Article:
“Politikill” author guides readers through Port Arthur-meets-D.C. thriller
Published 12:38 am Wednesday, March 9, 2022
Southeast Texas native and author Tim Sojka is releasing his latest novel “Politikill” March 17, a fictional thriller with major settings in the Golden Triangle and Houston.
The narrative touches on political corruption happening across the U.S.
Sojka said the major reasoning of picking SETX as the setting comes from a love connection with the area fostered as a child.
“I grew up in the Golden Triangle, in Silsbee, Texas,” he said. “So, to us, Port Arthur and Beaumont were like the big city. Houston was like Disneyland. That whole area, Silsbee, Beaumont, Port Arthur, Orange, it’s just part of my heart. So, I know the strengths of the area, and I know the challenges of the area.
“To a degree, you feel like you’re always getting pulled back home, even though I haven’t lived there in years. Because I spent all my childhood in the Big Thicket and the piney woods, there’s just a pullback there. There’s kind of a love affair with it from afar. When you’re a small-town kid, going to those towns is like going to the big city, going there to eat, going to pick out your furniture at Conn’s, little things like that.”
The idea to include the settings of Port Arthur and Silsbee came from Sojka’s vision of finding the strangest place for the plot to unfold.
“The book is called “Politikill,” and it’s about someone who takes on the role of trying to straighten out the federal government. Even the kick line is called ‘take a bribe, meet your maker,’ it’s about someone who kills corrupt politicians,” Sojka said.
“And what the book is really about is even if someone was under the threat of death, could Washington honestly run? So, what I try to do is — so you have Washington DC. What would be the strangest place for the person to create that kind of disruption, what would be the strangest place for them to come from? And that led me back to Silsbee. And that area, which is a good portion of the book, is based in Silsbee.”
“Politkill” will be available March 17 on Amazon, Barnes and Noble and Walmart.com.
Sojka said his last book, “Payback Jack” referenced Port Arthur, but this book has SETX at the center of the plot and storyline. Sojka added he chose Silsbee as a landing spot for his British character to add to the strangeness.
Sojka chose the Golden Triangle area for the book’s first kill due to the industrial nature that Sojka said opens up the possibilities for corruption.
“There was a corrupt politician whose home base was in the Port Arthur area, and that was her (Gertrude’s) first kill,” he said. “So, it all started in Port Arthur.”
The book means a lot more to Sojka due to this.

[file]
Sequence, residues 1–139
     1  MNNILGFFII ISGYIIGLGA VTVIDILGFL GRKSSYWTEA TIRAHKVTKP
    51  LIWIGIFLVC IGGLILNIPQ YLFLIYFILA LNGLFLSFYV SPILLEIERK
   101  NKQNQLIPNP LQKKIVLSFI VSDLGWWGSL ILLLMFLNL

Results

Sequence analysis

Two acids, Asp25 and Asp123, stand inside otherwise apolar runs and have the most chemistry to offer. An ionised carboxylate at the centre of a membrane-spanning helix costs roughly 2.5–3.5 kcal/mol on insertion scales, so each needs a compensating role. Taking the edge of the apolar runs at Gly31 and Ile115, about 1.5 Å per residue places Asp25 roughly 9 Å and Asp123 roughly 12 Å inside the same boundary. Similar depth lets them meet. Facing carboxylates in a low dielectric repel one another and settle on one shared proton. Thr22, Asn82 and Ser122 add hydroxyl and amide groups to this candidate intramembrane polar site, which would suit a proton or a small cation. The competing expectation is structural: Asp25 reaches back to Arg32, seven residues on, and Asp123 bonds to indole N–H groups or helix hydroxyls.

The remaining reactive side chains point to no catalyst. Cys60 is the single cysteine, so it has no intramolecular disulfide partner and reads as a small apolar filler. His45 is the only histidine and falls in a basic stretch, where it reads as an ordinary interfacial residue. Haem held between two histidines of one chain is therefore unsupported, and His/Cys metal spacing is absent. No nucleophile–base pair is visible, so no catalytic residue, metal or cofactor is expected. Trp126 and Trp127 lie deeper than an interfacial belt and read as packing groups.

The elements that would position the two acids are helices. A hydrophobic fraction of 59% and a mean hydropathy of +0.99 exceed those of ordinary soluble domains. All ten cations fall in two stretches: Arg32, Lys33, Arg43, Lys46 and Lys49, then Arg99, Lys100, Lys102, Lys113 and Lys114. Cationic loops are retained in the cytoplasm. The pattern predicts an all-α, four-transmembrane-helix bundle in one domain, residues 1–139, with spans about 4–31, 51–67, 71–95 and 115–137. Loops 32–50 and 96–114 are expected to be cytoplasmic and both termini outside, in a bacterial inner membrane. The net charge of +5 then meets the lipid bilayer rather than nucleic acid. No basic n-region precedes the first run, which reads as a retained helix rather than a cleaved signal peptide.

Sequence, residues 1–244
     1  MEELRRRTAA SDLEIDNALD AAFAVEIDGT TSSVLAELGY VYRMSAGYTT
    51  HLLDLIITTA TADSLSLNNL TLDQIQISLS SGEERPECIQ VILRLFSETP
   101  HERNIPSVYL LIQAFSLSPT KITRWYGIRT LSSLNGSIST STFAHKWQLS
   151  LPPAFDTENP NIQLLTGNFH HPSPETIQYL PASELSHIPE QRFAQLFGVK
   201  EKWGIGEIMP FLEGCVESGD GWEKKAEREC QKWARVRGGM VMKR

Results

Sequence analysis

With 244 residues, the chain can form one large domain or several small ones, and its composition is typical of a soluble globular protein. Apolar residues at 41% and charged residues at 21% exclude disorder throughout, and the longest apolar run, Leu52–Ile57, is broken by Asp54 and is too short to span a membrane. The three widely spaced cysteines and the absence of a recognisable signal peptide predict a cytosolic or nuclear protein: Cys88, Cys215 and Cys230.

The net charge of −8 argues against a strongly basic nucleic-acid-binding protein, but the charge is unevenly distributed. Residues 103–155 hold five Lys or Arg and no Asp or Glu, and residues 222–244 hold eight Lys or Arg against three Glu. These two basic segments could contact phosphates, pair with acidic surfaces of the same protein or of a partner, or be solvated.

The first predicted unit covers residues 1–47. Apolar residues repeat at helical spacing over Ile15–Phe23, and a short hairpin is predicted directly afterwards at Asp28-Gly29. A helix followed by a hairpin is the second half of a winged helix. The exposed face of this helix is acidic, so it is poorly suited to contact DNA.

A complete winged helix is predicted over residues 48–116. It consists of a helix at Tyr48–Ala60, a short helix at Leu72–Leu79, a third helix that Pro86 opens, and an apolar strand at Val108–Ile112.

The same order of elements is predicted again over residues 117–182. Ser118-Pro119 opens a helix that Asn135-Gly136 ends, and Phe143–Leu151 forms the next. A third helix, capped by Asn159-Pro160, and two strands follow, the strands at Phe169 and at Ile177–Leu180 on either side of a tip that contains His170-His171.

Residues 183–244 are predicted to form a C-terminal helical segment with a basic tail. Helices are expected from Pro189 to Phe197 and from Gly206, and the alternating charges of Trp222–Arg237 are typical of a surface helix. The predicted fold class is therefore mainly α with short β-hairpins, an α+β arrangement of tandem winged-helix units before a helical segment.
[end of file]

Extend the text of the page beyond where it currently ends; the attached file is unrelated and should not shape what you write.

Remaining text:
Sojka first got the idea for the book from ABSCAM, an FBI sting operation in the late 1970s and early 1980s that targeted corrupt politicians.
“So, when I was much younger, there was this famous sting operation where corrupt politicians were caught,” he said. “I remember thinking to myself, ‘Well it’s neat that the government’s doing something to stop government corruption, but what if a private entity or a person did that instead?’ ‘What would it look like?’ So, I had that idea in my 20s and it ruminated in my head for some time.”
Like other things in Sojka’s novel, he wanted the execution of the idea to be done in an interesting way.
“Anytime you write a novel, this is my second, you have to come up with the perfect person to drive the action,” he said. “What would the person that drives the action looks like? And I’m like, ‘Wouldn’t it be interesting if she was a teacher, like a political science teacher, and she saw that what was going on was wrong? And what if her life was so screwed up that she decided to actually try to do something about government corruption?’
Sojka said while the book is inspired from the sting and his own thoughts about government corruption, the story is also based on historical ideologies that go back to the United States’ founding fathers.
“The book really comes from a political standpoint from our founding fathers that they never intended for there to be career politicians,” he said. “It was never something they thought about. And people go, ‘Well, there’s nothing against it in the constitution.’ And they’re absolutely right. The constitution has nothing against our politicians. That’s because our founding fathers could never foresee a situation where people would go to Washington and stay there.
“Our founding fathers had successful businesses when they went to serve. They looked at it like a military assignment. Almost like, ‘this is something I have to do for my country to make my country better and then after six years, I got to go back and run my business.’”
Sojka said his book is really about “the toxin that is career politicians.”
Nevertheless, Sojka’s ultimate goal is to educate readers on how governments operate so they can make decisions and form opinions for themselves.
“They’re in for a great soap opera or a great thriller of a book,” he said. “I think a book has to be entertaining first and then you have to leave the book with something of value.”
– Written by Tim Cohrs